Both commercial and custom application development projects are increasingly using agile processes to deliver software. Agile processes are characterized by multiple iterations and frequent delivery of working software to users, who provide rapid and almost continuous feedback on the scope and direction of the application. This approach enables teams to successively refine the look and feel of software, while also making rapid changes to feature sets in response to changing business opportunities.
However, the ability to create and manage a flexible installation package is a critical part of meeting the goals of agile projects. Good installation packages enable teams to rapidly deliver new builds into a single unit that allows users to easily install and uninstall, supporting several of the most important goals of agile development practices. Agile teams focus on delivering software iteratively with a positive user experience and seek an automated solution for developing installation packages.
Business Drivers of Agile Development
The business environments that are served by the many software applications available tend to change rapidly. Business groups are driven by market opportunities, regulatory and legal changes, new business relationships, and staff changes. Often these occur with little or no forewarning, and windows of opportunity tend to close quickly. New applications or new features to existing applications are often needed in order to take advantage of these opportunities.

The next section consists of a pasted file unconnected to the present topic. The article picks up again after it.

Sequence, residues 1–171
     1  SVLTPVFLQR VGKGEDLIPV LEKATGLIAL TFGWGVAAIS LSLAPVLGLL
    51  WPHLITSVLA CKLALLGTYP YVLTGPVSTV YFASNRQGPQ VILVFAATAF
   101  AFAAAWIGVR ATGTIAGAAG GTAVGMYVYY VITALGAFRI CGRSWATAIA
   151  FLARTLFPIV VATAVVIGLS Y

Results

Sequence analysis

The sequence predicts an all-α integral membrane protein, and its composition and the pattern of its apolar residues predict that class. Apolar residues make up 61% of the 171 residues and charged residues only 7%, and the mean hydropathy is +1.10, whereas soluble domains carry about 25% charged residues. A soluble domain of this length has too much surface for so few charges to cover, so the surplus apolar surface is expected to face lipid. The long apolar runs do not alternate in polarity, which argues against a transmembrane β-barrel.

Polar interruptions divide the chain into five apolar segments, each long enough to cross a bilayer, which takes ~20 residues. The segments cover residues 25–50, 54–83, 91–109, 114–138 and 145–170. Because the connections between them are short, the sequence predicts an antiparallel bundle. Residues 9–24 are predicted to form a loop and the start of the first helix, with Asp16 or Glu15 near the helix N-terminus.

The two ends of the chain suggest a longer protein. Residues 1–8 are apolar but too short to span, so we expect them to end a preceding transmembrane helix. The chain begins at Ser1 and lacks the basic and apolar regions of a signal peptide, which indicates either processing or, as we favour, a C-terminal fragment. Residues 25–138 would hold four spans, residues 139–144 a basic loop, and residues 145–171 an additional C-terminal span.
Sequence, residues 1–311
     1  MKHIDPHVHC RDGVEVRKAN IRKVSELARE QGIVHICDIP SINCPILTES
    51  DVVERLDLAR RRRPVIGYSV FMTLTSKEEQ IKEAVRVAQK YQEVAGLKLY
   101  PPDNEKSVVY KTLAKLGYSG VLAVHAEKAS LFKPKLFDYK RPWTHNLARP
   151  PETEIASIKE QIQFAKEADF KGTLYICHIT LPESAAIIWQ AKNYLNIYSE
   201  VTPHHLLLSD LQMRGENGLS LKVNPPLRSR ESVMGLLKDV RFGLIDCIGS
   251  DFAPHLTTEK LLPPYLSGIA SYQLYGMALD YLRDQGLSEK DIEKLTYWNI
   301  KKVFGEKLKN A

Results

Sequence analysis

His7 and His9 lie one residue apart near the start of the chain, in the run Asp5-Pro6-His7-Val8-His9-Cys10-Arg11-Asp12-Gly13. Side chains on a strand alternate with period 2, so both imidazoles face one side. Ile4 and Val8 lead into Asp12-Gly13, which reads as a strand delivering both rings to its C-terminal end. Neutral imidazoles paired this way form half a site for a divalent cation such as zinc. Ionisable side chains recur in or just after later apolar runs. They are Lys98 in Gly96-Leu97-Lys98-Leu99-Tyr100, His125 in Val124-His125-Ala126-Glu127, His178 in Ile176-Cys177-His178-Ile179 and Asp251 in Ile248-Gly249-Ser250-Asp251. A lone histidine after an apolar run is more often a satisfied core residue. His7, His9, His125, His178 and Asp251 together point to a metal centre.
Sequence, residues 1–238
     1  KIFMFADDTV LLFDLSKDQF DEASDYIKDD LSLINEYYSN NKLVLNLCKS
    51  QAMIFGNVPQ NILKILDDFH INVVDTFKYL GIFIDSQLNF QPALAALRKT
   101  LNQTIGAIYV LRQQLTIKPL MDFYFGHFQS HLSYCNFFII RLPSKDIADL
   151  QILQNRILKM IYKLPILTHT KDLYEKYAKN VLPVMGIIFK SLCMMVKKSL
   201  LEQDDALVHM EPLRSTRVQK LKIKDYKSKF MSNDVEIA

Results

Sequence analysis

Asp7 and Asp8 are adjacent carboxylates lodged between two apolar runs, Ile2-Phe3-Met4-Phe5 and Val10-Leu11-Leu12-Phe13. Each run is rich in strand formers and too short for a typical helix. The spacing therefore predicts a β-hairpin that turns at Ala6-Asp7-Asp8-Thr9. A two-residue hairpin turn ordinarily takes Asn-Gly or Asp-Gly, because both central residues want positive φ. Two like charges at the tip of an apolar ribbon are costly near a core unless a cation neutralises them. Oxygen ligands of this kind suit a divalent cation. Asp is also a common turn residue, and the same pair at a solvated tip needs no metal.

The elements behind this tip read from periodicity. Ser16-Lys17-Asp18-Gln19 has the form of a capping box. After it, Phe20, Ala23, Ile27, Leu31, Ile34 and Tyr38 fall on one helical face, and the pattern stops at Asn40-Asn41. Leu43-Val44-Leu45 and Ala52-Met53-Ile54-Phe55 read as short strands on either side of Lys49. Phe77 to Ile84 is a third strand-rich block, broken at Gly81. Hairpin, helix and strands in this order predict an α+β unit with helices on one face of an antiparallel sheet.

These realities apply to packaged commercial applications as well as in-house custom applications. Customer needs change quickly, and missing out on those needs may drive them to seek other alternatives.
An application can commonly take a year or more in development and test prior to release. Even adding new features to an existing application typically takes at least several months of effort. In traditional methodologies, requirements are frozen at the beginning of the process to make for a predictable development effort, with little or no further input from the user community until the software is delivered. While there is sometimes a period of beta testing just prior to final delivery, the purpose of beta testing is to identify defects, not change features or look and feel.